By: Ariana Falco
Let’s talk about cops. Let’s talk about violence. Let’s get uncomfortable.
In today’s society cops are becoming more and more polarized each day. That being said, whoever is reading this probably has their own strong bias. While you read my post I would like you to put that bias aside and read what I have with an open mind. In practice this is harder said than done, believe me, I know.
When Kelly McMillin came into our class I wasn’t sure what to expect. I assumed this former cop would give the plain old argument about gun control and how we need weapons and so on. To my suprise, he began talking about how he is a retired Chief of Police, and now works in the Cannabis industry, shocking to hear but definitely spiked my interest. This was just his introduction of his background, but it was a good ice breaker to know this wouldn’t be your normal cop to civilian conversation. I was wrong about that.
Coming from Colorado, I don’t have much experience with gang related violence, but more familiarity with school shootings. In the discussion we focused more on gang related violence. With that we broke down the violence to the root of the problem, and decided that it came from the youth within the community and the need for security. We decided that if there was a way to implement more security for the youth at a young age, then they wouldn’t be so prone to join these violent gangs. Kelly said he noticed this and wanted to make a difference. He began to place cops within the neighborhoods and around the communities, to better understand the inner workings of that community. This seemed odd to me at first because cops look so militarized nowadays and putting that in the middle of a neighborhood would make me more skeptical, but that’s another discussion for another day. With placing these cops in the area, they were able to build a relationship with the community, and even greet the kids when they came off the bus at the end of the day. This new home for security helped to bring gang related violence down in the area while building more trust between the community with the cops. Trust is a big foundation that is currently lacking in a lot of systems around the world and it is slowly approaching ours. That being said, it was fascinating to hear that this program worked in such a violent area. I believe that the community alliance for safety and peace is a wonderful program that money should be going to. The problem of why this isn’t so widespread is that it costs money that cops want as a raise rather than a social worker job. So who’s responsibility should it be to take care of these kids? Who should help keep them off of the street? I believe that people don’t want to fund the social workers and the communities don’t trust the social workers like they would a cop, even though it’s ironic. That being said, this is yet another issue that needs to be solved.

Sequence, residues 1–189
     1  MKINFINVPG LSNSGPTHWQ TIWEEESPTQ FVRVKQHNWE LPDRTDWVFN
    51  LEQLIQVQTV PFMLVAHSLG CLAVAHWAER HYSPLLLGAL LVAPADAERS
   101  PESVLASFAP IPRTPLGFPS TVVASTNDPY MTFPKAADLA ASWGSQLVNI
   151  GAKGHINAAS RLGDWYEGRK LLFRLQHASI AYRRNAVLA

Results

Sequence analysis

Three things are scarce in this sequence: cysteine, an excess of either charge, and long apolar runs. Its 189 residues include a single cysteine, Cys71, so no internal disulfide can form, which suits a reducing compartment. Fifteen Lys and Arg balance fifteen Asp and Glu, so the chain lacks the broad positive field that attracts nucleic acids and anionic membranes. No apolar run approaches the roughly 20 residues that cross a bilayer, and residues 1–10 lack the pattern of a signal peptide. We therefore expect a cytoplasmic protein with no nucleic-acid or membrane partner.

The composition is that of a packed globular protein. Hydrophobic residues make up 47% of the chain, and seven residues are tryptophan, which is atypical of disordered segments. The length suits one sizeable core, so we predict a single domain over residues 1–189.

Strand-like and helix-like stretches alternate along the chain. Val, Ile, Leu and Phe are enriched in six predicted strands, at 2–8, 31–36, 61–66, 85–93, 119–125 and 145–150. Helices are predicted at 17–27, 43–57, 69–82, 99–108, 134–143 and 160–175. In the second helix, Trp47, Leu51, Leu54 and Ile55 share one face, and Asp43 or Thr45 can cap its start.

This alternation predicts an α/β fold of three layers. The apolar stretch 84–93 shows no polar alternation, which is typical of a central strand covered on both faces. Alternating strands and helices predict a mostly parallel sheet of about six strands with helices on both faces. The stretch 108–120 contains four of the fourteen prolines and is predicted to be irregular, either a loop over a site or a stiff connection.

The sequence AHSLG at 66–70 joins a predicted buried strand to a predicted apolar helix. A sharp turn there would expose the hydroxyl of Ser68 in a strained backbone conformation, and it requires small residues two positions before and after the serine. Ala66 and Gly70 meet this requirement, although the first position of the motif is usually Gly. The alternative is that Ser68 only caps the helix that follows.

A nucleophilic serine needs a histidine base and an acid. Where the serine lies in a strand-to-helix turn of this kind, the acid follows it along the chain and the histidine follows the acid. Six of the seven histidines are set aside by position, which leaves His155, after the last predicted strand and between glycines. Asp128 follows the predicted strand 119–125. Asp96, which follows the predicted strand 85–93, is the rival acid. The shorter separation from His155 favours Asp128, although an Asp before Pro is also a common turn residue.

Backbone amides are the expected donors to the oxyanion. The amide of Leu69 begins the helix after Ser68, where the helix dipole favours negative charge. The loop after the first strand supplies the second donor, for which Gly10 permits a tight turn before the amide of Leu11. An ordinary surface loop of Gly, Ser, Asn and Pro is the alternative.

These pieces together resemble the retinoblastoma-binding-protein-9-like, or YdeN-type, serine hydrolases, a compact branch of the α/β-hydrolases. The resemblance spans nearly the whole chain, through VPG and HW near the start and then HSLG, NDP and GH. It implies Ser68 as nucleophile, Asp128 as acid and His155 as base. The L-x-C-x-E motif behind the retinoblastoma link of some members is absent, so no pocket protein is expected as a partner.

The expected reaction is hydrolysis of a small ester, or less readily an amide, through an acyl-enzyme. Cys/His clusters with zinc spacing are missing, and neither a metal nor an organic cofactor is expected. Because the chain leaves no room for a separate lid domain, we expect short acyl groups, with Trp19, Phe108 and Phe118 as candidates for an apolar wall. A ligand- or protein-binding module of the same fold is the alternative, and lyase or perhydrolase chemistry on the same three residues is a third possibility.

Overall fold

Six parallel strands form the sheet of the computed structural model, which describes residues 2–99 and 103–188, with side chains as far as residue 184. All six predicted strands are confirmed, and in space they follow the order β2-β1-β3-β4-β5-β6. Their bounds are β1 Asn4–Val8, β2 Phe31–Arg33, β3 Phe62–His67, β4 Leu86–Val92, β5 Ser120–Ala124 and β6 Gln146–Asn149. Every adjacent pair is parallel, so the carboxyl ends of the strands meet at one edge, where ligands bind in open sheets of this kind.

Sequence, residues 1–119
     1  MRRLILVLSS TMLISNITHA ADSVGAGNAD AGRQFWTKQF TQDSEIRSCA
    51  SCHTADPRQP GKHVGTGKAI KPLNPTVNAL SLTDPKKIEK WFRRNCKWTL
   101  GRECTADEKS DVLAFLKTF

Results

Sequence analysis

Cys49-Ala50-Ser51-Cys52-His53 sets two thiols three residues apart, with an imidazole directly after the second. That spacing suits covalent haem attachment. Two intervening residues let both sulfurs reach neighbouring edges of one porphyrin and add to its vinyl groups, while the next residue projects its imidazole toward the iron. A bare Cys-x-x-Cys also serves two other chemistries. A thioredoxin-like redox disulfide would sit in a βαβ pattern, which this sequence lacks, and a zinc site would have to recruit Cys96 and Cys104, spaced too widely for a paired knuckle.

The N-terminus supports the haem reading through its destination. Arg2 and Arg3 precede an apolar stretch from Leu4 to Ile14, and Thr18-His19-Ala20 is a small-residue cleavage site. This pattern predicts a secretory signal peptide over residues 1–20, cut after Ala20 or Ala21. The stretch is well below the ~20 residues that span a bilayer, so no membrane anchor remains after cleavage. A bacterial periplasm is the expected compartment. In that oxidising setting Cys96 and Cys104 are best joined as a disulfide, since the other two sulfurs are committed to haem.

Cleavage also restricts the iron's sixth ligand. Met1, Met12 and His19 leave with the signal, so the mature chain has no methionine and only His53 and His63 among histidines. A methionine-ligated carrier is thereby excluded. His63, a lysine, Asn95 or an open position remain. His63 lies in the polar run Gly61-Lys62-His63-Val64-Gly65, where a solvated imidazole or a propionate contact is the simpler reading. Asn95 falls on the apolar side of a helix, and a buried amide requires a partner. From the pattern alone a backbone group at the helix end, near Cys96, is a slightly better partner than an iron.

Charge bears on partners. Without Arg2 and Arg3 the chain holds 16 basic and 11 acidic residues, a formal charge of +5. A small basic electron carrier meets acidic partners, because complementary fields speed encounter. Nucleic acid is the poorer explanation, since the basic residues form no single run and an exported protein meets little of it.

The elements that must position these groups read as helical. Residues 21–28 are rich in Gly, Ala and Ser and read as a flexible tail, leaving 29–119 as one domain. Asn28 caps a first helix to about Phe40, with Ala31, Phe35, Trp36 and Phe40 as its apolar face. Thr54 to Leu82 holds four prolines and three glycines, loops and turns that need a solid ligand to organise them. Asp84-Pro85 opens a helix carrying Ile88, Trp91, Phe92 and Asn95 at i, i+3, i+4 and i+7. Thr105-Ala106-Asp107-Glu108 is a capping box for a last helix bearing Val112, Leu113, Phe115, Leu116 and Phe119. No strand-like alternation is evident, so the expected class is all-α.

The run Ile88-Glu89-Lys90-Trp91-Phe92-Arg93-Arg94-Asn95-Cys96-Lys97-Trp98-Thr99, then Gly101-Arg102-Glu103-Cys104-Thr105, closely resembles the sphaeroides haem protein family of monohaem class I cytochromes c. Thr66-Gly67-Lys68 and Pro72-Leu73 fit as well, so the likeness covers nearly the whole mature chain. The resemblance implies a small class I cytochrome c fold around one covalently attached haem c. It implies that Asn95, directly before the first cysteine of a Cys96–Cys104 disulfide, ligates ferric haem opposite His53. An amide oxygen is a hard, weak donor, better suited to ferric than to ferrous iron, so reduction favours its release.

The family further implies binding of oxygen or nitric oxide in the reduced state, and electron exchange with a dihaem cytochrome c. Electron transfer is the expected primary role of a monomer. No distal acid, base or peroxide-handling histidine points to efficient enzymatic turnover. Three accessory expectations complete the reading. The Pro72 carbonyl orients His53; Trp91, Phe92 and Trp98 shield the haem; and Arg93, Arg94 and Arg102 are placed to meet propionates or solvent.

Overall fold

Following this topic we dove into a conversation regarding gun violence. Where does it stop? Why is it an arms race within its own country? These are questions that went through my mind during the lecture. Yes, this is a very hot topic in today’s society and will only get more controversial with time. And yes I agree with his comment that there will be no way to truly ban all guns, it’s nearly impossible. The suggestion that he made by banning the glock 40 cal and then taxing bullets changed my mindset. I hadn’t thought about that but it was an interesting concept.
Both of these discussions were very eye opening for me and gave me hope that even cops can be open minded. It was nice to have a discussion that came from education and not from a defensive point of view.